Rector Matti Manninen opened the new academic year in September.

The year 2015 was very productive

The University’s financial and operational result was excellent in 2015. Both in bachelor’s and master’s degrees, the result was the best in this decade. The target was not reached completely in bachelor’s degrees (1,261) but was exceeded in master’s degrees (1,486). Again, the University clearly exceeded its target in doctoral degrees. Among Finnish universities, the University of Jyväskylä has well-profiled fields of study: the University had the most or second most doctoral graduates in five disciplines. The number of international peer-reviewed publications kept growing.

The financial result of the University improved. The large surplus of the financial year, 9.7 million euro, is explained by profits of investments. In addition, the result of actual operations grew to 1.1 million euro. The University succeeded well in the acquisition of competitive funding and the Academy of Finland’s first funding round to strengthen universities’ research profiles. The University managed to decrease its personnel and rental costs. In addition, solvency ratio and liquidity improved. In addition, the profitability of business operations improved. The number of employees remained the same but the amount of person-years decreased slightly.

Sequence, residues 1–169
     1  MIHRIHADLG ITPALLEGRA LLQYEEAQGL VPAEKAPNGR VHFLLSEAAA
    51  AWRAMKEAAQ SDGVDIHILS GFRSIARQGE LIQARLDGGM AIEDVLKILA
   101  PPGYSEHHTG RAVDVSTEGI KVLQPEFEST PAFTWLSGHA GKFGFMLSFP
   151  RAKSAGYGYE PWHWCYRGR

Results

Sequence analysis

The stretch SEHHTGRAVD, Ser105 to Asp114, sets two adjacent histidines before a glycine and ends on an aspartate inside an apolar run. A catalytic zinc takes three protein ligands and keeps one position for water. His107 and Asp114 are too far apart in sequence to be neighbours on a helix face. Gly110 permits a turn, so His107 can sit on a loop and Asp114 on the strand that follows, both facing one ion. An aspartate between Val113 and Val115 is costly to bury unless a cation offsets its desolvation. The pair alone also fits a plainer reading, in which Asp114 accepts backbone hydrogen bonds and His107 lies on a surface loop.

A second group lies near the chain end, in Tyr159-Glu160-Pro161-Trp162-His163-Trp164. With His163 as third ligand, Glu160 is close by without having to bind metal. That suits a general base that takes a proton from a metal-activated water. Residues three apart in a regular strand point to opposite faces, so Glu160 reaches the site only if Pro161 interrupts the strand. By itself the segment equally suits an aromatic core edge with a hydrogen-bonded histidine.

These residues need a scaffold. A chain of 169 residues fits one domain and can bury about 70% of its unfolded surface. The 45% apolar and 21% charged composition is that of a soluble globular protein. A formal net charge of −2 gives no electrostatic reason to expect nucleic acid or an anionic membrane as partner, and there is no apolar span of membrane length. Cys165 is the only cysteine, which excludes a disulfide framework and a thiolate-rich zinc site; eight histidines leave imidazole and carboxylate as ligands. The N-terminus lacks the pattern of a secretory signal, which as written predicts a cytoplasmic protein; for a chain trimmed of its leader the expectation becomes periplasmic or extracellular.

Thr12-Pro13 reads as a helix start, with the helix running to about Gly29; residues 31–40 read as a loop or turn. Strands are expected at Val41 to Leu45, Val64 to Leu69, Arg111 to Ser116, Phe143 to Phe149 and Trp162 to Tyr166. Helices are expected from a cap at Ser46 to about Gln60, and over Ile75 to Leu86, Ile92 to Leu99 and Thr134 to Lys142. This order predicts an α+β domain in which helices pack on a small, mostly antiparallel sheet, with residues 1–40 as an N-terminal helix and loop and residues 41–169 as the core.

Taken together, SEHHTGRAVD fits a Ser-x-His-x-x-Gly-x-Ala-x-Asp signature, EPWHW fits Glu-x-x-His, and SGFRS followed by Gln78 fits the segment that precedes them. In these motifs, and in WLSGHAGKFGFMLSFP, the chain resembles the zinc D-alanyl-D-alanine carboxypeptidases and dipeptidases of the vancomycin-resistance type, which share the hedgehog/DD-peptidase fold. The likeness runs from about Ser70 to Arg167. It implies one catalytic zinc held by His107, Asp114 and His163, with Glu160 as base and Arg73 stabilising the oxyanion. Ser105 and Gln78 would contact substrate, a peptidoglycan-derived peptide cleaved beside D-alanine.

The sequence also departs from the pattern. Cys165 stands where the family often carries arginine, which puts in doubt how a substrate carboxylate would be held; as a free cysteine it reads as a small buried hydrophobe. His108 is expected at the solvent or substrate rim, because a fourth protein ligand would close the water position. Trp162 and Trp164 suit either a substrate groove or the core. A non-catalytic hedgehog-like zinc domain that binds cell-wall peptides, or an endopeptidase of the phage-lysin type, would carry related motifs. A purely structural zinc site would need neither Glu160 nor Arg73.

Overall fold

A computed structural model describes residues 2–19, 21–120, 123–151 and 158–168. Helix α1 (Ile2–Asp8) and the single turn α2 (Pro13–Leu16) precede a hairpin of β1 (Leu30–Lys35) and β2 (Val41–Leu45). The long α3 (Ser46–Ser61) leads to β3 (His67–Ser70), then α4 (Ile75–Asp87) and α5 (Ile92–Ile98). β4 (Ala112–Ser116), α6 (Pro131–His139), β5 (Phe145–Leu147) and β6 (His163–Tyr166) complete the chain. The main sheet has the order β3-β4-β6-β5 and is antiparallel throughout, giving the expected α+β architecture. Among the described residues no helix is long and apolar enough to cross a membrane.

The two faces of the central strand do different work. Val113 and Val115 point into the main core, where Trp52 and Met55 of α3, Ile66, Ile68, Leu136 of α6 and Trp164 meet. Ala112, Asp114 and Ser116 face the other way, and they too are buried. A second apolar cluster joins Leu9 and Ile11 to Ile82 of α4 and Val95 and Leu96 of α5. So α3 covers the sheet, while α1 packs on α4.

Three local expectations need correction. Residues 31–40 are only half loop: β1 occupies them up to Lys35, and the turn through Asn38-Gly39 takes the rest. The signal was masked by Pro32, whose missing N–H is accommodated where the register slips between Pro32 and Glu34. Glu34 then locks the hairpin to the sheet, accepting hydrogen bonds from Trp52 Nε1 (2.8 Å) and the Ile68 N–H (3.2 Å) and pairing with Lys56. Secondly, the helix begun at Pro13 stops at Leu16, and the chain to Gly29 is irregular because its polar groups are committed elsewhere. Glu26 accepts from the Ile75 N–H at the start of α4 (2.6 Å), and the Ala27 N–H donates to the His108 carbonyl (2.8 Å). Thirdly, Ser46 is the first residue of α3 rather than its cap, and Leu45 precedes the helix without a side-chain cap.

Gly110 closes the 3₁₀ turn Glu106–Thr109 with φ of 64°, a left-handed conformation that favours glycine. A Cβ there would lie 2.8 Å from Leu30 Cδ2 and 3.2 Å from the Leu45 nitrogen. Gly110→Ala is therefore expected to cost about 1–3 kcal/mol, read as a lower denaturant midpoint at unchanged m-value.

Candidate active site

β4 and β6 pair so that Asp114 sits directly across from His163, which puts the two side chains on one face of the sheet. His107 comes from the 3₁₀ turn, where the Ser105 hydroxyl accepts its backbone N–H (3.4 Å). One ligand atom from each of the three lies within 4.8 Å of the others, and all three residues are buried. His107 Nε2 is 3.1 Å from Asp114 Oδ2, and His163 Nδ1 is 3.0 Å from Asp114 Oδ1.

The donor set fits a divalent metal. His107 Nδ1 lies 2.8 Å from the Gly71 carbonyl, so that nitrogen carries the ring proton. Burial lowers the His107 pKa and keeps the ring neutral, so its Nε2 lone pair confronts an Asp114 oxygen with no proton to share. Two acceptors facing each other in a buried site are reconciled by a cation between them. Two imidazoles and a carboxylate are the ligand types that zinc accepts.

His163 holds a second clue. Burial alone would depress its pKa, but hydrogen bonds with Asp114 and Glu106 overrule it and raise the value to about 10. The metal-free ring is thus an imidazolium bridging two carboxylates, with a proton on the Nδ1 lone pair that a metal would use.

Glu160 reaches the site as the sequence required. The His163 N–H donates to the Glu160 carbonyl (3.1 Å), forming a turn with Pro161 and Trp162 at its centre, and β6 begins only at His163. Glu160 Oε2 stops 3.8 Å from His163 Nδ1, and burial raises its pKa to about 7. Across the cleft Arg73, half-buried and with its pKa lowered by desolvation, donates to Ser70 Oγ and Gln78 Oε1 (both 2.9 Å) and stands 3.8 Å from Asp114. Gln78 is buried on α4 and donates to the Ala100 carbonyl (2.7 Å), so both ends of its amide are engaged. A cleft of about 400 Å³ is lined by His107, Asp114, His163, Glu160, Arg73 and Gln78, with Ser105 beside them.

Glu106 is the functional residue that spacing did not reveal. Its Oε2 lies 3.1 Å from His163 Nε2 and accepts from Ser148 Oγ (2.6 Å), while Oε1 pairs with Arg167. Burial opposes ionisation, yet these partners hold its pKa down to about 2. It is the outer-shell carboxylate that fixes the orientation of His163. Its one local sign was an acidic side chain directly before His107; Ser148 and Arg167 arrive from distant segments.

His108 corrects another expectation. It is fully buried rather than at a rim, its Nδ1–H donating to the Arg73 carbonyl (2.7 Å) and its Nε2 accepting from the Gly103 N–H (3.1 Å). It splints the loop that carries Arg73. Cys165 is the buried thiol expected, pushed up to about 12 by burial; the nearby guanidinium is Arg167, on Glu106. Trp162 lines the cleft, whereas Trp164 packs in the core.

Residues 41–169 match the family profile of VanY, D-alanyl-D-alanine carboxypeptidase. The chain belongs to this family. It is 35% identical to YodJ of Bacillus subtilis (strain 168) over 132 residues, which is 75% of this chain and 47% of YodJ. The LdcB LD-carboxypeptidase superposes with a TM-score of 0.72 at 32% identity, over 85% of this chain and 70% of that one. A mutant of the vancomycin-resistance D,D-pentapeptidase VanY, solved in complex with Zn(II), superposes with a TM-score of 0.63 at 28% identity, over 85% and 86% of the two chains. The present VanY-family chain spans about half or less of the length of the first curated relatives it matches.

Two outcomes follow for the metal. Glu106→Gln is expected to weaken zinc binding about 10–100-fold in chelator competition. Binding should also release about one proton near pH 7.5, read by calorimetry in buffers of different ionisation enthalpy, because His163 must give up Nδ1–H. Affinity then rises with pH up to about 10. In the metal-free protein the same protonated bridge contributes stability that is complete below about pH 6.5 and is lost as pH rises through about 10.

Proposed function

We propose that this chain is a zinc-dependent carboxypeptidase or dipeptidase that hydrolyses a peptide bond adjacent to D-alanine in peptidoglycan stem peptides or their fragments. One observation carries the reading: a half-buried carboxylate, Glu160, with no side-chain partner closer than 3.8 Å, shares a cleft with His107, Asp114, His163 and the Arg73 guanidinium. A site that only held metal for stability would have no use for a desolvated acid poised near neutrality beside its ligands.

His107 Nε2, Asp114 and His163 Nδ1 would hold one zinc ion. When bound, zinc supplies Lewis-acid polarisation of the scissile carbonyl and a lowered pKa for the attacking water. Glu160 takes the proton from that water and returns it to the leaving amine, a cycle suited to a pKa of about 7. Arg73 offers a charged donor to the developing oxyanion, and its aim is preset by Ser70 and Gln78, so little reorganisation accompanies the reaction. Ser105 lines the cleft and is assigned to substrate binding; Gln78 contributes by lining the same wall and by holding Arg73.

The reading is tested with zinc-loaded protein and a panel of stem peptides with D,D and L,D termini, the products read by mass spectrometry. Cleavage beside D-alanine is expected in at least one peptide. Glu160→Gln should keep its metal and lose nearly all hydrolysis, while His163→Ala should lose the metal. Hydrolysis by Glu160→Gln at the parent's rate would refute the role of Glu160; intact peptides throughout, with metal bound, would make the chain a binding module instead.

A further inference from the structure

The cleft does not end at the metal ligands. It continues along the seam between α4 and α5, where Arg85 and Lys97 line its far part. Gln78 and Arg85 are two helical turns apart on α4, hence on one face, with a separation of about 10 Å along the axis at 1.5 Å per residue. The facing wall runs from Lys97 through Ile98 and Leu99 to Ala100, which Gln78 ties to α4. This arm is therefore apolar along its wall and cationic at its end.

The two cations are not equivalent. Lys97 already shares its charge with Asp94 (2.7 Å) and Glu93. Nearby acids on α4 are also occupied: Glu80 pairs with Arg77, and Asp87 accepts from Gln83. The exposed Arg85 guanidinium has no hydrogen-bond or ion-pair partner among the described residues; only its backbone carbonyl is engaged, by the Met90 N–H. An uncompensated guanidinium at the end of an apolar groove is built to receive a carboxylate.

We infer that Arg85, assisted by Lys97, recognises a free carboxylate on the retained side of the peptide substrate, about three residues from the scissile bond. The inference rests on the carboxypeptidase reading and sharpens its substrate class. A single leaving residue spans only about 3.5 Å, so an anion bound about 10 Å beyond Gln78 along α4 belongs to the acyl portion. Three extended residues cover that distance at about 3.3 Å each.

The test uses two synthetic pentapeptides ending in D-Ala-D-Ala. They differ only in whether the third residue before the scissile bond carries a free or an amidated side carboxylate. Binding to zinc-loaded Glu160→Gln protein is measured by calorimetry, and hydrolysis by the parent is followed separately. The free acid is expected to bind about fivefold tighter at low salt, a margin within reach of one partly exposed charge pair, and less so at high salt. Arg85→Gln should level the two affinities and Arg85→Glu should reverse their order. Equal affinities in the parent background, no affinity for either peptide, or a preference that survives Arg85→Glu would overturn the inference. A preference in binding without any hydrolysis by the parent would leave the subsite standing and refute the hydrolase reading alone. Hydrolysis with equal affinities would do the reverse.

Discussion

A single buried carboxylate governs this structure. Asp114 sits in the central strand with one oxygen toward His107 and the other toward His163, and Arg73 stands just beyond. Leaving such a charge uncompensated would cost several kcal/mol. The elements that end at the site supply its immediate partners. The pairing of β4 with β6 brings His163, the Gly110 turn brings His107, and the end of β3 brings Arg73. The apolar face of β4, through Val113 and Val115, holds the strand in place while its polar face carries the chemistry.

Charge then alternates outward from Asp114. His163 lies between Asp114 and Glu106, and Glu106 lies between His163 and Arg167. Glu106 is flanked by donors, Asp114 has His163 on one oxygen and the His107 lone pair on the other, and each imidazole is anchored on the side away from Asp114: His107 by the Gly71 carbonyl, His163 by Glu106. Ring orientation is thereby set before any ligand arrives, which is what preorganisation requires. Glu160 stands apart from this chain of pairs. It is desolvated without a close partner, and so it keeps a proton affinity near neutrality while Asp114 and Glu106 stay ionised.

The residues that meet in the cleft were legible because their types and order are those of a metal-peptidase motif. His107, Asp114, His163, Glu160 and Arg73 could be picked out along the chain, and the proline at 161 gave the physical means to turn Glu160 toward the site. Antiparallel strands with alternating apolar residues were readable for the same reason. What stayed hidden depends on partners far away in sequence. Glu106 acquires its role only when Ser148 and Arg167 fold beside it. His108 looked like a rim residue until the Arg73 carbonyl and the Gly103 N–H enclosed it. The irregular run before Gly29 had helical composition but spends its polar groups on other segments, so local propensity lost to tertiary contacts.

The Finnish Education Evaluation Centre (FINEEC) audited the quality management system of the University of Jyväskylä and granted the University a qualification valid until 2021.

The University will move to a new organisation structure as of 1 January 2017. The number of faculties will decrease from seven to six. This will be implemented by joining the Department of Social Sciences and Philosophy to the Faculty of Humanities, resulting in the Faculty of Humanities and Social Sciences, and by joining the Department of Psychology to the Faculty of Education which becomes the Faculty of Education and Psychology. The number of departments will decrease: the Faculty of Information Technology will have no departments in the new organisation. The departments of Languages and Communication will be united, as will the departments of Music and Art and Culture Studies. The number of independent institutes will reduce when the University Library and the University Museum are combined to form a new Open Science Centre.

Rector Matti Manninen